There has been considerable progress in the identification of possible susceptibility genes for major psychiatric illnesses in chromosomal regions where linkage with them was previously reported. Dysbindin, on 6p (Straub et al. 2002), and neuregulin 1, on 8p (Stefansson et al. 2002), have been reported to be associated with schizophrenia. On 22q11, a few genes have been suggested for susceptibility to major psychiatric illnesses. These genes include cathecol-O-methyltransferase (COMT), PRODH2, and G-protein–coupled receptor kinase 3 (GRK3) and are located within a range of a microdeletion, which occurs with increased frequency in schizophrenia. COMT has a long history of association reports in major psychiatric disorders, starting with reports of different enzyme activities in patients (Cohn et al. 1970). Although results from multiple studies of association between a functional polymorphism at codon 108/158 (Val108/158 Met) of COMT and major psychiatric illnesses are inconsistent, this polymorphism has been suggested both to play a role in prefrontal cognition impairment in schizophrenia (Egan et al. 2001) and to modify the course of rapid-cycling–type bipolar disorder (Craddock et al. 2001). Also, a large-scale case-control study showed association between polymorphisms within the genomic sequence of the COMT gene and schizophrenia, suggesting other susceptibility loci within this gene (Shifman et al. 2002). Association between the PRODH2 gene and schizophrenia has also been reported (H. Liu et al. 2002). Expression level of GRK3 has been correlated with severity of bipolar disorder (Niculescu et al. 2000). The different susceptibility associations on chromosome 22, particularly for bipolar illness, remain to be resolved.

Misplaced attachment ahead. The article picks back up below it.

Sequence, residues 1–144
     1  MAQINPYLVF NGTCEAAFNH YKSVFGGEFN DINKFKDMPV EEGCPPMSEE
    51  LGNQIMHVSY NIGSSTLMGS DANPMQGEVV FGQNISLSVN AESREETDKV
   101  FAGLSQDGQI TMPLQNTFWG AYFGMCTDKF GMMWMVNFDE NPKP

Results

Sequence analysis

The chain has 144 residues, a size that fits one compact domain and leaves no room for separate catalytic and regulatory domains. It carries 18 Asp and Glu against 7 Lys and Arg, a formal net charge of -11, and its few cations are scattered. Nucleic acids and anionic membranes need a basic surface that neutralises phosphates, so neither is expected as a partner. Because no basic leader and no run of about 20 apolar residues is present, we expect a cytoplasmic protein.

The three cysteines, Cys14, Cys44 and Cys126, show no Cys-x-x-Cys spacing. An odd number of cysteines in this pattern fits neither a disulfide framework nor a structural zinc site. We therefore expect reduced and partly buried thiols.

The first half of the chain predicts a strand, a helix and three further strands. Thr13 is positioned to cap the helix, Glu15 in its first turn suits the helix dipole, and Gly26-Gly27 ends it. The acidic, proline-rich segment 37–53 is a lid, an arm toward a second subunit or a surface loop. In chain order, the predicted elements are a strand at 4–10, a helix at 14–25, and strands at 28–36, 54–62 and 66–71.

The G72/G30 gene locus, on 13q33, is one of the few loci reported to be associated with both major psychiatric illnesses that are present in regions where linkage to both disorders has been consistently reported (Badner and Gershon 2002). COMT is also associated with both disorders, as noted above. These findings are consistent with the speculation from the linkage evidence that the same gene may be implicated in both disorders (Berrettini 2000; Gershon 2000).

Do schizophrenia and bipolar disorder share a common disease-susceptibility variant at the G72/G30 locus? Since the range of the 95% CI of association given by DHS in the CNG series covered some of the SNPs that Chumakov et al. (2002) had associated with schizophrenia, this remains possible; however, this range did not include two SNPs that were associated with schizophrenia in both French-Canadian and Russian data sets in their study. Obviously, linkage or LD data do not tell which gene, G72 or G30, confers susceptibility to each major psychiatric illness. Chumakov et al. (2002), noting the absence of a detectable in vitro translation product of the antisense gene G30, have suggested transcriptional regulation of G72 by G30. The existence of multiple splice variants of both genes, together with the presence of complementary segments in at least some of these transcripts, provides the basis for a complex transcriptional relationship between the two genes, but it is unclear which gene regulates which. The present evidence shows a bipolar association with the same gene locus that had been associated with schizophrenia (Chumakov et al. 2002) and may be considered as supportive of a shared susceptibility-gene complex, although possibly not of a shared variant or even a shared gene.